New technology may soon allow Mid-South peanut growers to make decisions on irrigation scheduling and digging with greater accuracy and ease.
PeanutFARM (Field Agronomic Resource Manager), a group of tools to allow growers to manage peanut development and maturity, has been in development for several years by University of Florida researchers, says Jason Sarver, Mississippi State University Extension/research professor, who spoke at the Mississippi Farm Bureau Federation’s summer peanut commodity meeting. Sarver assumed the peanut specialist post in January.
“It works as an irrigation scheduler, but perhaps more importantly for us, it uses temperature and rainfall/water data to determine optimum peanut harvest time. It can eliminate a lot of the judgment calls involved in the present methods of pod blasting and profile boards.”
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The system tracks adjusted growing degree days (aGDDs), using upper and lower daily air temperatures, plus the amount of water the crop receives from rainfall and irrigation, to predict development of the crop. In addition to tracking peanut maturity, aGDDs are used by PeanutFARM to help schedule irrigation by estimating crop canopy cover and daily water use.
This daily water use is then modified using weather data — which can be automatically drawn from state networks or input for individual fields, depending on grower preference. As the grower develops his/her own profile, each field can be managed separately and processed by PeanutFARM to accurately predict the need for irrigation and optimum harvest time.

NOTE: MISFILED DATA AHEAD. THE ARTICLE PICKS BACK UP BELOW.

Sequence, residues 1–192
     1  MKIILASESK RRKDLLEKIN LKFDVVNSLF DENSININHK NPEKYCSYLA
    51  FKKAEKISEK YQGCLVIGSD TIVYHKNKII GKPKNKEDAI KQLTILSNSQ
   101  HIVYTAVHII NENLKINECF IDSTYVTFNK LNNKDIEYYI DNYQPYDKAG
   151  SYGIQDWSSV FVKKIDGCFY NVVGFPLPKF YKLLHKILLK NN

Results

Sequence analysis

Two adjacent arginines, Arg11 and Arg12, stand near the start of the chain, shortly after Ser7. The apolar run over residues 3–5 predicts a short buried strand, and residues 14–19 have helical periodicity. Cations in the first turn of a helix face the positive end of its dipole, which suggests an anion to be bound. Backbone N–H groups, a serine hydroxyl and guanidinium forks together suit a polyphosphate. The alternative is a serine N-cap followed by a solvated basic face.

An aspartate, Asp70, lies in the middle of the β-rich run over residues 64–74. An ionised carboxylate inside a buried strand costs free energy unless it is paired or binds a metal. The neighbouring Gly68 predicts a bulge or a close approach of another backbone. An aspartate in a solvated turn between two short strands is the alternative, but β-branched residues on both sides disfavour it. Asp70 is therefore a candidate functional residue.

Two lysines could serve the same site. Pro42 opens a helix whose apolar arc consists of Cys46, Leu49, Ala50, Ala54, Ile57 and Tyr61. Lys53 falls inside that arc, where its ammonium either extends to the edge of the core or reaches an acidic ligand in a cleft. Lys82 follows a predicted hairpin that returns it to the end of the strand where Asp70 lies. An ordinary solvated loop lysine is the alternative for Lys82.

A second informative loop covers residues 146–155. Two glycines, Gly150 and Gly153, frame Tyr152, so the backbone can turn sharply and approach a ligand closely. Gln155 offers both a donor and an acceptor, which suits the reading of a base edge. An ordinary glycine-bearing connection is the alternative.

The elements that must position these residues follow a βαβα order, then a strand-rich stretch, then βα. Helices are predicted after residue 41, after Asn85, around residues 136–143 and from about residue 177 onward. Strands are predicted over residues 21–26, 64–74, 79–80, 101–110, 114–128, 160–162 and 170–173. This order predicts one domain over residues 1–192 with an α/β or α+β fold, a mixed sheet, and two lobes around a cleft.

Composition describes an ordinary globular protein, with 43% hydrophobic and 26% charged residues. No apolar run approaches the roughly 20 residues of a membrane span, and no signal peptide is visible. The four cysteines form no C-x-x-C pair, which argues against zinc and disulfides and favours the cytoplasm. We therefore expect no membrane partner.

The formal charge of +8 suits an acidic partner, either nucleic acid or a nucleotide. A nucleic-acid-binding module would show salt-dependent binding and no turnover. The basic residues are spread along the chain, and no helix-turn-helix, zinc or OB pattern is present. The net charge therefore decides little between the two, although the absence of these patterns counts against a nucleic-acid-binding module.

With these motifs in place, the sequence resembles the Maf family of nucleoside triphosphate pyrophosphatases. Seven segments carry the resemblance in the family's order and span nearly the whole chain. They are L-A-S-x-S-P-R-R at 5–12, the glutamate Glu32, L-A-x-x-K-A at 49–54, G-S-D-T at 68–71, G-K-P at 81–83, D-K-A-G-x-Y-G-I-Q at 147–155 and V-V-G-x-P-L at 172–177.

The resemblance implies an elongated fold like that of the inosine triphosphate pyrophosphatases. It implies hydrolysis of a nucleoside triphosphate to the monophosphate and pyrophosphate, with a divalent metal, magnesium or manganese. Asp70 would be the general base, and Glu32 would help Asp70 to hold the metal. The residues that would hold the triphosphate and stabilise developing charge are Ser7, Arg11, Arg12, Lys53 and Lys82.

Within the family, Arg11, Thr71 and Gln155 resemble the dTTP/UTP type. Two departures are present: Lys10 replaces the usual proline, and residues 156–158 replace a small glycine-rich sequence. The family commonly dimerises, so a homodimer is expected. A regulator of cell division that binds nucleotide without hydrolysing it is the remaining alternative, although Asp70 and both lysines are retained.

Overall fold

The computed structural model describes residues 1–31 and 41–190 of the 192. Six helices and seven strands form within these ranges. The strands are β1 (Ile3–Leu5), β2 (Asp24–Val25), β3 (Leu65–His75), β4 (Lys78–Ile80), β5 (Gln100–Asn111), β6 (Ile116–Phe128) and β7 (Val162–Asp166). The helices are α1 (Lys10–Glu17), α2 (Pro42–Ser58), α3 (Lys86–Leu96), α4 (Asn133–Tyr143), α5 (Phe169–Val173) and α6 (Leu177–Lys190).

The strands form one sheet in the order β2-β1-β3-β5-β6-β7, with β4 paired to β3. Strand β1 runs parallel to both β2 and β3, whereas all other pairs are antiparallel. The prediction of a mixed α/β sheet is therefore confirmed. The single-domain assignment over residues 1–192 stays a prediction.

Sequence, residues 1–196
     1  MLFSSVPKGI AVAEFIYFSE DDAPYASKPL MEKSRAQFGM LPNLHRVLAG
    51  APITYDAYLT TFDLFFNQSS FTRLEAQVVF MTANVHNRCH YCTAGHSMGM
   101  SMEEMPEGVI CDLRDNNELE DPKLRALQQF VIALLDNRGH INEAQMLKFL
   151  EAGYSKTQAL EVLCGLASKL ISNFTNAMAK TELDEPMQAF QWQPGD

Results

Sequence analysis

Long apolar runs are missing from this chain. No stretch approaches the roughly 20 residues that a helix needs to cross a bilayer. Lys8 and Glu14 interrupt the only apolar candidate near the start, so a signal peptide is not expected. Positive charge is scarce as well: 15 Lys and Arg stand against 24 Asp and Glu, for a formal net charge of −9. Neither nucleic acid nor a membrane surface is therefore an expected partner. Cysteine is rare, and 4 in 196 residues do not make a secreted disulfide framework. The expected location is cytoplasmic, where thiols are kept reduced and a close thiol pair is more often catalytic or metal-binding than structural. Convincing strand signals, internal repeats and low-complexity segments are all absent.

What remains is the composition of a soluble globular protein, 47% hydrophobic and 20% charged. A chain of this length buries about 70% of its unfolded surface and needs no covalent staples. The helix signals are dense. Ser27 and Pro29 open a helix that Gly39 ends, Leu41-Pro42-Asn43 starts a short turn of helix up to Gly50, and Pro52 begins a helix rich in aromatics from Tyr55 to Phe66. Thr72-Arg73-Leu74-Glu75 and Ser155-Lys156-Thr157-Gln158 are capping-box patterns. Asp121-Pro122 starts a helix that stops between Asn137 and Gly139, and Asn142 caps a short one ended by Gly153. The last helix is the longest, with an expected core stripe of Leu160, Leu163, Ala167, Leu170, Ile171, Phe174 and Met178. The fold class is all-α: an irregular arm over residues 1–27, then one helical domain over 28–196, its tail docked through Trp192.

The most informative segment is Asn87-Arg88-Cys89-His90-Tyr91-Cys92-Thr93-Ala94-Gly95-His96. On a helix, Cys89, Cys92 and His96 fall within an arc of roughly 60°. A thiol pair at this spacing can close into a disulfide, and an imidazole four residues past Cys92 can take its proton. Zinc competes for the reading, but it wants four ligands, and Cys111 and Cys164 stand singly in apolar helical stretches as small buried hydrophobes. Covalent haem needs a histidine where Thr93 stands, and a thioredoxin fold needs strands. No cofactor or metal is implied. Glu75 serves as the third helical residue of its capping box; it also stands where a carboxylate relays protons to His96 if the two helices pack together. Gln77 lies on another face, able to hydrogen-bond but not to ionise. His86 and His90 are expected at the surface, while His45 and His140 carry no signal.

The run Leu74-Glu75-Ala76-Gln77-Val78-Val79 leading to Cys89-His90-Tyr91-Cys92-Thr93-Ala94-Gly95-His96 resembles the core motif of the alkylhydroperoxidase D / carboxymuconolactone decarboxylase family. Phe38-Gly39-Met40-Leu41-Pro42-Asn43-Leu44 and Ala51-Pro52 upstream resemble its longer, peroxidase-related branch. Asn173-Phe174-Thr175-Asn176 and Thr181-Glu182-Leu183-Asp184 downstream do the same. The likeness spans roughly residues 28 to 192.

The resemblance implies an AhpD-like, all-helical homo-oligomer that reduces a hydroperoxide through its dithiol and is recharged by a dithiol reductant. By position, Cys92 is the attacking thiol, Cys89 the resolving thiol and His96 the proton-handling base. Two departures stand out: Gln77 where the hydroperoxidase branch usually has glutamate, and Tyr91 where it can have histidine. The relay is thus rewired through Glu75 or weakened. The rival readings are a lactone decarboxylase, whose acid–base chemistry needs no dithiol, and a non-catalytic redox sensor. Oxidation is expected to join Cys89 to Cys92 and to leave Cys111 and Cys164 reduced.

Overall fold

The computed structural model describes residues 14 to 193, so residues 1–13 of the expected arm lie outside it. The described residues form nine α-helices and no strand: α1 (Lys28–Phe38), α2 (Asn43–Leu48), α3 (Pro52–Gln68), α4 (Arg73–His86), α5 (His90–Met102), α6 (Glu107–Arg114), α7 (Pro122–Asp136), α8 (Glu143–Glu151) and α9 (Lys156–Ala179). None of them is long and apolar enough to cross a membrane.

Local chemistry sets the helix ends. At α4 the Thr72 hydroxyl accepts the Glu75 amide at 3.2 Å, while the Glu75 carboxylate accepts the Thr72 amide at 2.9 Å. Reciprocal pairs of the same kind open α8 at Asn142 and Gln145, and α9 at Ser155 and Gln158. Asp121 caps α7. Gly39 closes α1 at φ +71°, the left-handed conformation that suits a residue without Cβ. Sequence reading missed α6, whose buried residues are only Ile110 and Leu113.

“The purpose of PeanutFARM is to provide a producer with tools to ease both in-season and harvest management decisions,” Sarver says.
System ‘works really well’
“We have an automated weather system in Mississippi that can tie in with PeanutFARM to provide needed data, or a grower can input field location, temperatures, and rainfall, and at end of season it will tell when crop is mature and ready to dig. The Florida team has done a lot of work with the system, and it works really well — in many cases better than pod blasting and profile board. If we can get beyond having to blast peanuts, it will save growers a lot of effort and judgment calls in determining when to dig.
“Hopefully, by 2015, we’ll have Mississippi’s automated weather network linked into this system, ready for growers to use. I think this is going be a really good tool for our growers, and funding is in place to get it up and running.”
In discussing this year’s Mississippi peanut crop, Sarver says, “Once we got past the cool, wet planting season and peanuts emerged, things were pretty quiet through mid-July.
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“We had a lot of seed go in the ground this spring when it probably shouldn’t have. I had many calls from growers telling me, ‘My seed just aren’t coming up.’ This was primarily due to planting in soils with temperatures in the low 60s or below, compared to the recommended range of 68-70 degrees.
“After planting in those conditions, things were compounded by a cold snap and rain, and a lot of seed just sat in the ground for a long time. I was impressed with how well it did under such adverse circumstances.